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Mysterious Snippets Of DNA Withstand Eons Of Evolution

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posted on Oct, 8 2008 @ 09:22 AM
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Mysterious Snippets Of DNA Withstand Eons Of Evolution


www.sciencedaily.com

ScienceDaily (Oct. 7, 2008) — Small stretches of seemingly useless DNA harbor a big secret, say researchers at the Stanford University School of Medicine. There's one problem: We don't know what it is. Although individual laboratory animals appear to live happily when these genetic ciphers are deleted, these snippets have been highly conserved throughout evolution.

"The true function of these regions remains a mystery, but it's clear that the genome really does need and use them," said Gill Bejerano, PhD, assistant professor of developmental biology and of computer science. In fact, these so-called "ultraconserved" regions are about 300 times less likely than other regions of the genome to be lost during mammalian evolution, according to research from Bejerano and graduate student Cory McLean.

Although some of the ultraconserved regions, which were first identified by Bejerano in 2004, are involved in the regulation of the expression of neighboring genes, previous research has shown that mice missing each of four regions seem perfectly normal.

"It's very surprising that none of the four has any observable phenotype," said Bejerano. "In some ways it just doesn't make sense."
(visit the link for the full news article)



[edit on 8-10-2008 by grover]




posted on Oct, 8 2008 @ 09:22 AM
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I hear strains of the X-Files theme playing in my head.

I really don't know what to say about this... my understanding of DNA (other than what it is and does) is limited but it is my understanding that if something is no longer of any use biologically then it is ultimately discarded (they have even found lately that the appendix actually serves a purpose) so these snippets must do or record something but what?

www.sciencedaily.com
(visit the link for the full news article)



posted on Oct, 8 2008 @ 10:05 AM
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Junk DNA has been known about for ages, not sure why this has resurfaced in the news now?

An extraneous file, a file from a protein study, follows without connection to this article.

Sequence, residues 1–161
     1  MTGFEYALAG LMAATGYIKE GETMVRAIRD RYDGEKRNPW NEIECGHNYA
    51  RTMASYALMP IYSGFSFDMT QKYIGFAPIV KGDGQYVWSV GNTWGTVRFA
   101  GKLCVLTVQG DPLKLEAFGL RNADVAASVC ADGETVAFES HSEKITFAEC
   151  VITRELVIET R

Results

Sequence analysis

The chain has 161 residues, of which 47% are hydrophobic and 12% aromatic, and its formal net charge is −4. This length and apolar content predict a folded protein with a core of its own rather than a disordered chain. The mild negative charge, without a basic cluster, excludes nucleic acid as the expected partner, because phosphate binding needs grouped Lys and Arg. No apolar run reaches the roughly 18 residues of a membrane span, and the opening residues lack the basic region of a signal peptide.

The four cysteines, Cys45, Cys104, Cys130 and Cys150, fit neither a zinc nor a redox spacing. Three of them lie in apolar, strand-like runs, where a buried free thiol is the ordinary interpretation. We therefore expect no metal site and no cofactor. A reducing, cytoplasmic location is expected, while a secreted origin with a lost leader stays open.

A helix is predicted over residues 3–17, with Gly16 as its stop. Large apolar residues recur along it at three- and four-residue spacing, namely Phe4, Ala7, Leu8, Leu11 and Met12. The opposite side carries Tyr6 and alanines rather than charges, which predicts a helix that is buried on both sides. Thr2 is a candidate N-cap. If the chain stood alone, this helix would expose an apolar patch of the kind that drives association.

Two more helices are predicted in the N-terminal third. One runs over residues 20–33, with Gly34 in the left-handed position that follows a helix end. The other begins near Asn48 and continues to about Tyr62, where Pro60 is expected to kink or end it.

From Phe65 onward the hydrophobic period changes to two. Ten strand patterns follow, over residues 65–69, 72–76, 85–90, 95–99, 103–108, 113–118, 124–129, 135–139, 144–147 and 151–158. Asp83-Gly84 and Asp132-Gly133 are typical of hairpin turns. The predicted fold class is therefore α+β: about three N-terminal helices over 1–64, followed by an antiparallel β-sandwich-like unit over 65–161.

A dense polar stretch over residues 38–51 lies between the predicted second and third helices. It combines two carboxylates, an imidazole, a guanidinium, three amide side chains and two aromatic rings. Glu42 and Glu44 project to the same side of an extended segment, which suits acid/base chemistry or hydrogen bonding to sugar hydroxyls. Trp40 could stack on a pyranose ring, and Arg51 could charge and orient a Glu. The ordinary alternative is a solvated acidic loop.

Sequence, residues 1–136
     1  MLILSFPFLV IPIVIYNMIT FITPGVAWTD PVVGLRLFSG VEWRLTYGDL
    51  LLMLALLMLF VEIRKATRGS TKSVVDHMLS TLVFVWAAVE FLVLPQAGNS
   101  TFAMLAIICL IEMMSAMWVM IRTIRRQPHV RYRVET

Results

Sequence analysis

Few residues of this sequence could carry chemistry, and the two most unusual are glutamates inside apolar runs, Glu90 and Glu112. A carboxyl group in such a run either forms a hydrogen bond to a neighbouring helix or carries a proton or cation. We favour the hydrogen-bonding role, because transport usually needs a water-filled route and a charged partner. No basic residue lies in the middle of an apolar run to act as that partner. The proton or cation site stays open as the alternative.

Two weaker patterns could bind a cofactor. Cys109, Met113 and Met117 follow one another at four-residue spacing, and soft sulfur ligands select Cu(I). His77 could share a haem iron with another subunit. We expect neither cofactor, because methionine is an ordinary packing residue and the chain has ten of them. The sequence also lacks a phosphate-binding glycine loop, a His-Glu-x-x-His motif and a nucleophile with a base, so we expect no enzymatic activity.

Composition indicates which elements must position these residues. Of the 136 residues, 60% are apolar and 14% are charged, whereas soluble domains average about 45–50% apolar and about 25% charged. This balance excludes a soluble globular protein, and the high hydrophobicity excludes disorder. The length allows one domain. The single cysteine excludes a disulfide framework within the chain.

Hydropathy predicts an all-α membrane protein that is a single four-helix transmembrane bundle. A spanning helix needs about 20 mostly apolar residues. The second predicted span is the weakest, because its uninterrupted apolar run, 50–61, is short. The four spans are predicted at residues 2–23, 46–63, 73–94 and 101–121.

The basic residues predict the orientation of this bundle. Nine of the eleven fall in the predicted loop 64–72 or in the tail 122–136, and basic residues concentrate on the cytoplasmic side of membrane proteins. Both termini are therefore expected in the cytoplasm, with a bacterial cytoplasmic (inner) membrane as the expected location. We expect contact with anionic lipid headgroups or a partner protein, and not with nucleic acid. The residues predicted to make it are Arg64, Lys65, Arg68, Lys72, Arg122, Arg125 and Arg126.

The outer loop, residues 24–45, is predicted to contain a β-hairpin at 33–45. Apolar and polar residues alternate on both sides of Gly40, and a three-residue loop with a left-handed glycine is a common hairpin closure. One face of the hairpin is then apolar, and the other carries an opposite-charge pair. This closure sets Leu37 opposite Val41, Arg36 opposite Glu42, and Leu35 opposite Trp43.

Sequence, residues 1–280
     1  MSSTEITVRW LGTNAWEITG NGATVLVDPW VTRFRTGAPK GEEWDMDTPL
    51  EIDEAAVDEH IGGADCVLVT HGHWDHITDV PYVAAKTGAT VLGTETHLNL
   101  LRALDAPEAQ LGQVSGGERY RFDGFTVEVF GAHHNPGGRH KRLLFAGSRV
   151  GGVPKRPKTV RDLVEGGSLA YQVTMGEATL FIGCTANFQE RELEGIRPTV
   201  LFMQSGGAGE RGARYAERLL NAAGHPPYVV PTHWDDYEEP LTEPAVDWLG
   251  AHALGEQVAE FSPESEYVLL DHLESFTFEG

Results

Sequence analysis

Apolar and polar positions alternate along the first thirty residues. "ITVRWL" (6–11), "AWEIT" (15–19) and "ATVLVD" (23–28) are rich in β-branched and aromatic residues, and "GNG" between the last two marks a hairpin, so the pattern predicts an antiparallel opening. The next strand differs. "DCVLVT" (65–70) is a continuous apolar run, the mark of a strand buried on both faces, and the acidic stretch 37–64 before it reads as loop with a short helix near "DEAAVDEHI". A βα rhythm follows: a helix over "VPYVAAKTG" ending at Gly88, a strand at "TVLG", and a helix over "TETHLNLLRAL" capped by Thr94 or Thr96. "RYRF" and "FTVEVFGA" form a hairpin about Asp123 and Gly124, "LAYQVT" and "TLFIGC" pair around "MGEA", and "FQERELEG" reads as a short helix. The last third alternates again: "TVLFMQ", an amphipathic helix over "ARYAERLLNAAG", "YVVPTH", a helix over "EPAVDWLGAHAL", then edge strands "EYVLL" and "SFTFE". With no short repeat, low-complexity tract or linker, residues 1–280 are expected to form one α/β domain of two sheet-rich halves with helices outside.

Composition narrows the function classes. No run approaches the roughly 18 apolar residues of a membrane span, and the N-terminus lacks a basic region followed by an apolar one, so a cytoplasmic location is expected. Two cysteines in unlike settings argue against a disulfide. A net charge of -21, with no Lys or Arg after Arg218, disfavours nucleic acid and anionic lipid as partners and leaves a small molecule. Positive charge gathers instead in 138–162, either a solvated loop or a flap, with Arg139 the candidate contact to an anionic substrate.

One interesting possible explanation is that it is an archive of past genetic information held in storage as backup should it prove evolutionarily advantagous to have a certain mutation in the future.


[edit on 8-10-2008 by Man_Versus_AntiMan]



posted on Oct, 8 2008 @ 10:07 AM
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reply to post by Man_Versus_AntiMan
 


But is it really junk? I mean its there so it either had to or does serve some purpose.



posted on Oct, 8 2008 @ 10:23 AM
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reply to post by grover
 


Well yeah, if the storage theory is correct then it did serve some purpose in our past but doesnt now, and is just being held in case we need the genes in the future.

There is no evidence for that its just speculation, but it could explain why these lab mice can seemingly function normally when these regions are removed.

A really far out speculation would be that this mechanism could have aided dolphins to re develop flippers and dorsal fins from their land based like ancestors, because they had kept the genes in storage. Just a thought


Another explanation is that the stuff may have some enzymatic function, buts thats not nearly as intersting as carrying monkey and fish genes around with you.



posted on Oct, 8 2008 @ 10:34 AM
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"We don't know what it is, what it does, but we're absolutely sure it is worthless and can be removed!"

Would anyone ride in a car or airplane if the mechanic had that attitude?



posted on Oct, 8 2008 @ 01:26 PM
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I would guess the mice where the parts of DNA have been removed have a higher change to get cancer also the chances of a negative SNP to occur would be higher.



posted on Oct, 8 2008 @ 03:52 PM
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Posted this one yesterday here for other discussion.

www.abovetopsecret.com...'



posted on Oct, 9 2008 @ 08:48 AM
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reply to post by sir_chancealot
 


Actually I've had mechanics like that.



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